Huge jump in children’s admissions for infection
Thursday, 3 November 2011
Hospital admissions for infectious or parasitic disease rose by 10% overall last year, and much faster among children, the latest NHS figures reveal. Admissions for obesity also rose by 10% last year, but have almost tripled over the past four years alone.
In contrast, hospital admissions generally rose by only 2% last year, show today’s Hospital Episode Statistics.
Hospitalisations of children under 15 with viral infections rose by 29% in just one year, between 2009-10 and 2010-11 – and have risen by a staggering 84% since 2006-07.
Infectious and parasitic disease accounted for 201,800 hospital admissions in 2010-11, compared with 183,300 in 2009-10. The number of children admitted with “viral infection of unspecified site” has jumped dramatically, from 34,200 in 2006-07, to 48,700 in 2009-10, and then to 62,800 last year. These figures do not include children’s admissions for viral hepatitis (which rose from 126 to 170 last year) or influenza (which fell from 3070 to 2040).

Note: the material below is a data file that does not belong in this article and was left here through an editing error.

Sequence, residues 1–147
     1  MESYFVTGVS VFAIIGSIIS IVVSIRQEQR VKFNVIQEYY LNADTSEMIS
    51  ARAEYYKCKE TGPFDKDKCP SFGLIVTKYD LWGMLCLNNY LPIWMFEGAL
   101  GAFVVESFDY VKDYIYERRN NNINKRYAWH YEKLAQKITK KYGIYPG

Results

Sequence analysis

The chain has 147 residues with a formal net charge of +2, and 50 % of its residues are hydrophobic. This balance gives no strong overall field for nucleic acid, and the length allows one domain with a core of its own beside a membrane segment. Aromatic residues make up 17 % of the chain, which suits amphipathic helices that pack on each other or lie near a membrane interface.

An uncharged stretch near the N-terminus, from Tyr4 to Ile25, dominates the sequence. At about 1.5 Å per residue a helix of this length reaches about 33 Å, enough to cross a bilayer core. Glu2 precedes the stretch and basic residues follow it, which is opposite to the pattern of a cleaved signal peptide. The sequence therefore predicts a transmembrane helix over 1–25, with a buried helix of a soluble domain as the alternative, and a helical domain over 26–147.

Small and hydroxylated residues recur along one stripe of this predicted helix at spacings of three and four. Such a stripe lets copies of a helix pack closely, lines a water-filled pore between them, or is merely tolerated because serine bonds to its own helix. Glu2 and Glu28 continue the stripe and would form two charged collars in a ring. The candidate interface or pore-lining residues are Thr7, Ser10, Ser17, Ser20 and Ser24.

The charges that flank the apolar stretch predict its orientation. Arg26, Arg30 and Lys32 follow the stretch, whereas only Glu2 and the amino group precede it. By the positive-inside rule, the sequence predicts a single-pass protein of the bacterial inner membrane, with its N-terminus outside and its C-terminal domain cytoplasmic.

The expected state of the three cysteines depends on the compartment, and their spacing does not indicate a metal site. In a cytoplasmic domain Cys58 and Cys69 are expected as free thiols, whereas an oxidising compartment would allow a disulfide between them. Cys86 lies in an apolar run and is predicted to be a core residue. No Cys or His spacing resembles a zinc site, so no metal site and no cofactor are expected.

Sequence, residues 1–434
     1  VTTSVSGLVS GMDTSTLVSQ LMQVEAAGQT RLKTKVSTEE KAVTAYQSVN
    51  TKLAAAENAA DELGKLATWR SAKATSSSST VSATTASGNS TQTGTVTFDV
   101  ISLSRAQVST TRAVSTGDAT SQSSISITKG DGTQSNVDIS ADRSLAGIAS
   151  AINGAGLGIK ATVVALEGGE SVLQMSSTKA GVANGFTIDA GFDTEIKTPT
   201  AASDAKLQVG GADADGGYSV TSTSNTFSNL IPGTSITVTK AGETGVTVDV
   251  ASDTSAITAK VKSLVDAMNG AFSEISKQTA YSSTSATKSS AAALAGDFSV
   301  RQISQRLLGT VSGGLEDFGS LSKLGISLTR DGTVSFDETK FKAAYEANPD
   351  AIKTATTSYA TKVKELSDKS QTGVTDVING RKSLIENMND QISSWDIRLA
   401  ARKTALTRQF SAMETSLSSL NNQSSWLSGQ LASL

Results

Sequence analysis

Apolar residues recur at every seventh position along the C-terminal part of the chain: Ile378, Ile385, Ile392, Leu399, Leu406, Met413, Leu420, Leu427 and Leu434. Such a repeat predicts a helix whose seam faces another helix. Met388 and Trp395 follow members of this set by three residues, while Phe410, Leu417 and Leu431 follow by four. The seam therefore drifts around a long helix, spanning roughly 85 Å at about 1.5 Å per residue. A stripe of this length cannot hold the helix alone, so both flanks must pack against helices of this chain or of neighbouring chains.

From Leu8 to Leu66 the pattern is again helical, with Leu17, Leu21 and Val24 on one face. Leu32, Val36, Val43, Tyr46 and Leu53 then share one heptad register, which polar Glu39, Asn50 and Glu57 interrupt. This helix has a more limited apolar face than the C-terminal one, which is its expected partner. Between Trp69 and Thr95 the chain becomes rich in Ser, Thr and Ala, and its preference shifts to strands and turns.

NHS Information Centre chief executive Tim Straughan said: “What is clear from the data is a very large rise in admissions for viral disease among children; a trend that will be of interest to health professionals, the NHS and the public.”
The HES report also shows that although obesity accounts for far fewer hospitalisations than infection, it lies behind one of the biggest rises in inpatient treatment seen in the past four years. In 2010-11 there were 11,700 admissions for obesity, compared with 10,700 in the previous year and 3,880 in 2006-07. Admissions for eating disorders rose by 2% over those four years.